Transportation Secretary Says New AV Guidelines Are Coming

There are two primary schools of thought when it comes to safety and self-driving cars.

One perspective holds up the belief that driverless cars will significantly reduce automotive fatalities — by as much as 90%, according to one commonly cited statistic. To reach that point faster, we should accelerate the rate of introduction of AVs onto our roads now so that it will take less time for them to be perfected.

The opposing viewpoint is that it is unethical to rush self-driving cars onto public roads before they’re fully developed. The obvious reason is that it could put people’s lives in danger. But a secondary explanation is that if imperfect driverless cars are introduced too early, it could damage the reputation of driverless cars down the road, thus limiting their future potential.

Of course, no one thinks that an underdeveloped driverless car should be recklessly testing in actual public traffic, but the debate about release timelines continues to dominate the world of autonomous vehicles.

In a speech at the Detroit Auto Show on earlier this month, US Secretary of Transportation Elaine Chao straddled the line between enthusiasm for the development of autonomous vehicles and caution in their development. She also announced a new set of AV guidelines, which she referred to as AV 3.0, that will be released in the summer.

The guidelines, Chao said, won’t focus exclusively on driverless cars — they’ll address all forms of vehicular autonomy.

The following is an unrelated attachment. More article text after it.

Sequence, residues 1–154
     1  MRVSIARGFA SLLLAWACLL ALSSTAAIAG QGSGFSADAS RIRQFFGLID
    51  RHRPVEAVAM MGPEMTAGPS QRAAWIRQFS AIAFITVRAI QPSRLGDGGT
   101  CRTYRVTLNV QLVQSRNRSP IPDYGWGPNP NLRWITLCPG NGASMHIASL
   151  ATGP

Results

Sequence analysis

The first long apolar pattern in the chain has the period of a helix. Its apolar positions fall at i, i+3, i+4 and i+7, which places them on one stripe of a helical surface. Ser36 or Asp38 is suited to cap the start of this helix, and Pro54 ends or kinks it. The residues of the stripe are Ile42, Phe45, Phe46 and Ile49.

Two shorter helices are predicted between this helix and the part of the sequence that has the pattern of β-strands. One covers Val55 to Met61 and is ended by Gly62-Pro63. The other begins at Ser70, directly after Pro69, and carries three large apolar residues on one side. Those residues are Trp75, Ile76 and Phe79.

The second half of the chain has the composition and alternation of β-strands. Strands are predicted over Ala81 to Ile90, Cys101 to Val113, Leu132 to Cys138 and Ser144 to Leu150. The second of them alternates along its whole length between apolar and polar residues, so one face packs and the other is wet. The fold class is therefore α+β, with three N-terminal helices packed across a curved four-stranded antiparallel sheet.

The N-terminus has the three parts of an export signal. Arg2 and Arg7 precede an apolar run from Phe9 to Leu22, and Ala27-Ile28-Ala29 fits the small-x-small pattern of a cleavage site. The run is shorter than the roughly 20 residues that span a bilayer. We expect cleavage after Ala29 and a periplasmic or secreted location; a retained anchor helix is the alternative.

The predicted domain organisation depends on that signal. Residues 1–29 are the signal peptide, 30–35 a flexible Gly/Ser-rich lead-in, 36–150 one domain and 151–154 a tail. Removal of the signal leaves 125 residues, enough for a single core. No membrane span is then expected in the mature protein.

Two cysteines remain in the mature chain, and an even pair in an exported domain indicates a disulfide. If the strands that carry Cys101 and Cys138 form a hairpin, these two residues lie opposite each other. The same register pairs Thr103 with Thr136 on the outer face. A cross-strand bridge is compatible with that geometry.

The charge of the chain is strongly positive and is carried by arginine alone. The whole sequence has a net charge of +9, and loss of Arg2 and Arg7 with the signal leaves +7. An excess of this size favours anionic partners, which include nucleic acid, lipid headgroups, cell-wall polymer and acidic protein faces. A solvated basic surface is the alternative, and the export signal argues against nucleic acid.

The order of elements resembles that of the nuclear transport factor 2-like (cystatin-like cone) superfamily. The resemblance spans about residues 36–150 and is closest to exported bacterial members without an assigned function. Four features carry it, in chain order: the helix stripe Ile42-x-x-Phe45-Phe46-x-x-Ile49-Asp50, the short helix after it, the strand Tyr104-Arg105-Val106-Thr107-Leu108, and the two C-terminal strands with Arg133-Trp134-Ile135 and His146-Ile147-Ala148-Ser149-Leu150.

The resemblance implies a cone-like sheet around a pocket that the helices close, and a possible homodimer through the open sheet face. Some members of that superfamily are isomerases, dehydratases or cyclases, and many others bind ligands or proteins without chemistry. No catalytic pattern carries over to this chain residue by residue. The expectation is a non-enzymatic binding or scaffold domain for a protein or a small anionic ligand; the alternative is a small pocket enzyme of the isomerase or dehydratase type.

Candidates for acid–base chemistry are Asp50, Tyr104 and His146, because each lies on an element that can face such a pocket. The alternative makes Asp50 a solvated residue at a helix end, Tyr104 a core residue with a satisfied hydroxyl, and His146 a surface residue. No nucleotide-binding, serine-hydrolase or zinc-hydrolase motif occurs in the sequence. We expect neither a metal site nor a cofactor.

“AV 3.0 will include guidance for more than just automobiles,” Chao said. “It will address barriers to the safe integration of autonomous technology for motor carriers, transit, trucks, infrastructure and other modes, as well. The Department will update this guidance as often as needed. That’s part of our commitment to streamline the process and to keep pace with innovation.”

It was only in September, when the DOT released its last iteration of these guidelines, called “A Vision for Safety 2.0.” Those followed the inaugural guidelines that were released a year earlier. In her remarks, Chao said that this frequent updating was a reflection of the fast-moving development of technology in the AV space.

Chao also addressed the frequently discussed issue surrounding the impact self-driving cars could have on professional drivers and their job security. Some analysts believe that tens of thousands of people could lose their jobs. In Detroit, Chao lauded the Auto Show for partnering with the Michigan Economic Development Corporation to host the first-ever Future Automotive Career Exposition at the event.

Ultimately, Chao aligned the DOT with the belief that eliminating barriers to AV deployment is the greatest means of promoting automotive safety at large.

“At the US Department of Transportation, safety will always be our number one priority,” she said. “That’s why a key part of DOT’s mission is to cultivate and encourage innovation in safety by eliminating unnecessary obstacles to the development and integration of new technology.”


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